The media has got its coverage of the BHS scandal all wrong. Here’s why
As the media follows Philip Green's Parliamentary Committee hearing today over the collapse of BHS, the voices and experiences of the 11,000 employees affected remain underrepresented, says Joe Earle
"It's all a bit raw," says a BHS employee in Oxford Street. Knighted business tycoon Philip Green is in a parliamentary hearing today to establish the extent to which he is responsible for the collapse of BHS. Let’s just step back from this story for a minute, and let the numbers soak in.
A billionaire (Philip Green) sold a company he’d bought for 200 million pounds for a single pound to a former race car driver who’s been bankrupt three times.Even if Philip Green paid £280 million into an emergency pension fund for BHS employees, that’s still only 12.5% of the value of everything he owns, minus his debts (his net worth) – so financially, he’s probably going to be fine whatever happens. And yet 11,000 people are set to lose their jobs, 20,000 will see a 10% cut to their pension savings, and £36 million of taxpayer’s money is at risk.
Eleven thousand employees. The comparison that hit home for me is this: I have 1,000 friends on Facebook. BHS closing down is equivalent to all these people (pretty much everyone I’ve ever been friends with) losing their job at the same time, multiplied by 10.
Yet in all the coverage I’ve seen, the 11,000 BHS staff are just a number in a story about opportunistic and incompetent businessmen, an added example to illustrate the extent of the damage they’ve caused. But each of those 11,000 people has their own lives, hopes and struggles, and those aren’t being heard.
What’s it like to have the story of your redundancy played out across the news? I went along to the Oxford Street BHS earlier this week with the aim of finding out.
The first lady I asked looked at me kindly and said that they’d been told they weren’t allowed to speak with the press. “It’s all still a bit raw,” she said. I asked three or four others on different floors and got the same answer.
“We’re not allowed to talk to the press.” If they were angry and upset with the management of BHS then they were just as suspicious and wary about me when it became clear I was part of the press. It seemed like they didn’t trust the press to represent their perspective on the story. As if they didn’t see any point in it being out there because it wouldn’t change anything and would only risk causing them more stress if they were to get in trouble. Like a mafia film in which no one talks to the police because there's a code of silence and deep mistrust of outsiders.
“The first lady I asked looked at me kindly and said that they’d been told they weren’t allowed to speak with the press. “It’s all still a bit raw,” she said.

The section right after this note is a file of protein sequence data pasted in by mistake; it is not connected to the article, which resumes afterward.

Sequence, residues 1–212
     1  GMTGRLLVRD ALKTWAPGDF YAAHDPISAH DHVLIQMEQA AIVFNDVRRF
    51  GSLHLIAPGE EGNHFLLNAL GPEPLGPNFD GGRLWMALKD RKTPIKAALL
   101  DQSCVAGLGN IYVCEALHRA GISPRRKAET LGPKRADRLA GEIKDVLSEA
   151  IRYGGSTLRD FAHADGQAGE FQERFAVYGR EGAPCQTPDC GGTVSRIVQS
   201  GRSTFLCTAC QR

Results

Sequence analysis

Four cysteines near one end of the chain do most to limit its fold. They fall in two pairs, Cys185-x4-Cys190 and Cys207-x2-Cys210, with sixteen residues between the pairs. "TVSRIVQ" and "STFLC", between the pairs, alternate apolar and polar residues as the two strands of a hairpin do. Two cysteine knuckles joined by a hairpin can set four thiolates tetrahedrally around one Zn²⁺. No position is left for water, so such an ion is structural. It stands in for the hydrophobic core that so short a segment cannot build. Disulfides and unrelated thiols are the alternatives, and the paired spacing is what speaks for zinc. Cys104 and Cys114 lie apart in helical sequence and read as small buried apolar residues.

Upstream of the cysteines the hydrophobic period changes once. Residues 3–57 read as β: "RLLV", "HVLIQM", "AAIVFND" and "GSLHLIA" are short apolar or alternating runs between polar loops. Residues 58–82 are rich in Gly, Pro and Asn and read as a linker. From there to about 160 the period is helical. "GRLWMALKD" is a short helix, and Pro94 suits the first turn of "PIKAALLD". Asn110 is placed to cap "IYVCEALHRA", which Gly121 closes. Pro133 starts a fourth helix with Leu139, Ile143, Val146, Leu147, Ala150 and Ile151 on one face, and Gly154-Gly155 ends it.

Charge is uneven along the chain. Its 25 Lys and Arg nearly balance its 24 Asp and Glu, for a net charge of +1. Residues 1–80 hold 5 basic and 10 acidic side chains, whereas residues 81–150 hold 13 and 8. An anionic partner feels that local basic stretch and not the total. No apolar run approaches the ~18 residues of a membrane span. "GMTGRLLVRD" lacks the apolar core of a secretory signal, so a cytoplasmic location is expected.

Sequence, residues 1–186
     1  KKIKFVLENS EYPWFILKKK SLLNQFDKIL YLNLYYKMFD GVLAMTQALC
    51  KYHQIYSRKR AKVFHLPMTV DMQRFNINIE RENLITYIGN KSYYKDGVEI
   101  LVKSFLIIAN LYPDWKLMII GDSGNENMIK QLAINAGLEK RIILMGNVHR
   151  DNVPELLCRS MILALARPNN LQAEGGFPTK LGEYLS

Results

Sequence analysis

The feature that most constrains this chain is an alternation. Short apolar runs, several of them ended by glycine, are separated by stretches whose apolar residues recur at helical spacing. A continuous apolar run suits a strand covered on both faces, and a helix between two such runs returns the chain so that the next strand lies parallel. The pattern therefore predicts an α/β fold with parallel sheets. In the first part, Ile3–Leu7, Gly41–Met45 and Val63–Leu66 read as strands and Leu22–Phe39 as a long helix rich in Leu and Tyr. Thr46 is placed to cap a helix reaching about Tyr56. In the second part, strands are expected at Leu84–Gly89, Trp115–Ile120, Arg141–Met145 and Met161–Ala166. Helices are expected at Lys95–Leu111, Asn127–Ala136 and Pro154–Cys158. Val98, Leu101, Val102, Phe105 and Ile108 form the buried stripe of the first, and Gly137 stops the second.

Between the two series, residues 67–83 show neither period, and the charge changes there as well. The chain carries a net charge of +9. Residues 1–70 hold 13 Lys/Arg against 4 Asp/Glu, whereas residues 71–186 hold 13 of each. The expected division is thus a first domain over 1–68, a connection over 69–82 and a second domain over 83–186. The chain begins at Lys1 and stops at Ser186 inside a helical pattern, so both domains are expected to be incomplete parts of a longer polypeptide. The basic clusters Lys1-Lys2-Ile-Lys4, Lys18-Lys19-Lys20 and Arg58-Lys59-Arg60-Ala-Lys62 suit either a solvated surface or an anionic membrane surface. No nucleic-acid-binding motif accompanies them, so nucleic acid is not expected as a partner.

Large numbers of people seem to feel like they have no reason to or way of contributing to debate in the media.This matters more than ever when you’re talking about economic issues that affect everybody, yet no-one seems to feel qualified to discuss. The media is one of the main forums in which public political discussion takes place. It shapes political agendas and forms public opinion. The absence of the 11,000 members of staff (apart from as a statistic) from the debate about what went wrong at BHS and what we should learn means that we’ll only get a very partial public debate and we end up with an impoverished civil society.
Take pensions. The BHS pension fund was £571 million in deficit when the company declare bankruptcy. When a company files for insolvency, the staff are only entitled to receive 90% of their former benefits – in other words, 20,000 current and former BHS staff will lose 10% of the value of their savings. According to the Financial Times, 4,804 of the 5,945 pension schemes eligible for the Pension Protection Fund, a government-backed scheme to protect pensions, are in deficit, which came to £270 billion altogether at the end of April – putting thousands more people at risk.
“Large numbers of people seem to feel like they have no reason to or way of contributing to debate in the media.”
In the coming weeks and months journalists and politicians will discuss in the media how to reform pensions to reduce this deficit, but I’m willing to bet that the people affected won’t be able to join in: because they won’t feel qualified, and more importantly, they won’t be asked.
As long as ordinary people like those I spoke to at BHS on Monday don’t feel like they have a voice in the media public discussion in the UK will continue to be missing a crucial element – the public. The media will continue to report on speeches made by politicians about how to solve the pension crisis and commentators will write about how to strengthen ethics in corporate governance, giving the impression of a vibrant public debate. But the reality will remain the same: a very small number of people continuing to talk to each other while everyone else is left to deal with the consequences.